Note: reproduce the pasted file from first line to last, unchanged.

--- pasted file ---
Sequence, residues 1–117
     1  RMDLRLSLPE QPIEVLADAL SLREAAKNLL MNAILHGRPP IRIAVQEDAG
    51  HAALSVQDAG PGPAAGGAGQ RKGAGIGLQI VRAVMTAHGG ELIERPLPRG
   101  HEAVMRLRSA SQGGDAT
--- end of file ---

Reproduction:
Sequence, residues 1–117
     1  RMDLRLSLPE QPIEVLADAL SLREAAKNLL MNAILHGRPP IRIAVQEDAG
    51  HAALSVQDAG PGPAAGGAGQ RKGAGIGLQI VRAVMTAHGG ELIERPLPRG
   101  HEAVMRLRSA SQGGDAT